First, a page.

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Saul Hardman
Saul Hardman

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Authenticate with using PGP and Keybase is a public instance of IndieAuth, the decentralised identity protocol built on top of OAuth 2.0. In this article I'm going to explain how to authenticate yourself using your domain and a set of PGP keys handled by Keybase. Once you've successfully logged into you'll be able to use the same method to authenticate with any IndieAuth service.

There are many methods of authenticating with IndieAuth, but PGP feels the most "Indie". I manage my keys using Keybase which conveniently hosts your public PGP keys in ASCII format. I'd initially presumed that IndieAuth would require keys to be hosted on the domain being used to login, but thankfully that's not the case and so keys hosted remotely on services such as Keybase can be used directly too.

Generating a PGP Key Using Keybase

Once you have Keybase Desktop installed, open up a terminal of your choice and run the following command and follow the steps to generate a PGP key:-

> keybase pgp gen
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If you've chosen to generate a new key, alongside an existing key, then you'll need to include the --multi flag.

Once that process is complete, you should now be able to access a hosted copy of your public PGP key at the following URL:-

# NOTE: replace `${YOUR_USERNAME}` with *your* Keybase username${YOUR_USERNAME}/pgp_keys.asc
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If you have multiple PGP keys associated with your Keybase account, you can select an individual key by setting the fingerprint parameter:-

# NOTE: run `keybase pgp list` to reveal additional information about existing keys${YOUR_USERNAME}/pgp_keys.asc?fingerprint=${YOUR_KEY_FINGERPRINT}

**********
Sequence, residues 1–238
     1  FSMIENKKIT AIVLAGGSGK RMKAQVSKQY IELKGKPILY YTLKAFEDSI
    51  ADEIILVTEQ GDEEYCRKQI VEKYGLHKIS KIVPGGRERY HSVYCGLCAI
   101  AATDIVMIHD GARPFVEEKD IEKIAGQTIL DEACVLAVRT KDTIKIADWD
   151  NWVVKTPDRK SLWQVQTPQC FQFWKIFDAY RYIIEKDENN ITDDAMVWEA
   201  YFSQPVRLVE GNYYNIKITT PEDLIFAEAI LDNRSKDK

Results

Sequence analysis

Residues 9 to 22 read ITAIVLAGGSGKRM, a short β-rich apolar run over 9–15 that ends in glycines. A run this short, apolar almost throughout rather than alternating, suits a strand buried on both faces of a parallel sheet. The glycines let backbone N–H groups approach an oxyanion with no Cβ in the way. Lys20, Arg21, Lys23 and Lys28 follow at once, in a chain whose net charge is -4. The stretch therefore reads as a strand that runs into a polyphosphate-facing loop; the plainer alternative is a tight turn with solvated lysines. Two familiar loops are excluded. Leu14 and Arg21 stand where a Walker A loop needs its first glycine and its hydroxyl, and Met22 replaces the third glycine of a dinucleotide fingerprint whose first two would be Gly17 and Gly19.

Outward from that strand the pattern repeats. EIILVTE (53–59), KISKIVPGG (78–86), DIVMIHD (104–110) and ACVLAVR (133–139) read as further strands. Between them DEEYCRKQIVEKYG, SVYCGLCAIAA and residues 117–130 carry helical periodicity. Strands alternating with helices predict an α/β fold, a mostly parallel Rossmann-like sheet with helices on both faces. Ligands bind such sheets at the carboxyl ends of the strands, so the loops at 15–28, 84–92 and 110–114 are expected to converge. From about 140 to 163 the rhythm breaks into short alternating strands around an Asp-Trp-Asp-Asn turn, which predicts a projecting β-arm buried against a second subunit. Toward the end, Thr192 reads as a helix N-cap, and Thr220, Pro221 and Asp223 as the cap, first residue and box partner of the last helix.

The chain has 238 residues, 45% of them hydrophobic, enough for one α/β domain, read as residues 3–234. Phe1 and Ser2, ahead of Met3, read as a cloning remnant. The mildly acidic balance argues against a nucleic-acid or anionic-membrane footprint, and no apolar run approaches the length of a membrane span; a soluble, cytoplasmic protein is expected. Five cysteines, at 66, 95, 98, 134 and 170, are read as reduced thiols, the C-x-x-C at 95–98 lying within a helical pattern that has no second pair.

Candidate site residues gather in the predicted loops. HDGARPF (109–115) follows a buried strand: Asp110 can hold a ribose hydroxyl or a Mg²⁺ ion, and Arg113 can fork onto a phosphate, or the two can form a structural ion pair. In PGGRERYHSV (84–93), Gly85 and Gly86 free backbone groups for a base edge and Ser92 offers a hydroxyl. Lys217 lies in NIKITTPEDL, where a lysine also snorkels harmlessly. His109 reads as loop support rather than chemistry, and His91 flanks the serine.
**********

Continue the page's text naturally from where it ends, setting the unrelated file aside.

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Link to the Keys

Add the following <link> tag to the <head> of your HTML document:-

<!-- NOTE: replace `${YOUR_USERNAME}` with *your* Keybase username -->
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To verify that your configuration is working, and on each subsequent IndieAuth login, you will be provided with a snippet of text that you're required to sign using your PGP key. Navigate to the site and enter and submit your domain name to the <input> in the "Try it!" section:-

A Screenshot of the 'Try It!' Form on

To do that with Keybase, open the command line and (after ensuring that you have Keybase Desktop installed) run the following command, replacing the placeholder text within the single quotes with the challenge text:-

> keybase pgp sign -m 'INSERT CHALLENGE TEXT HERE'
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If you're on macOS, you can pipe the output to pbcopy so that you're ready to paste the signed text back into the <input>/<textarea> and submit right away, like so:-

> keybase pgp sign -m 'INSERT CHALLENGE TEXT HERE' | pbcopy
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So there you have it, you should now able to authenticate with IndieAuth services using your very own domain and a set of PGP keys.

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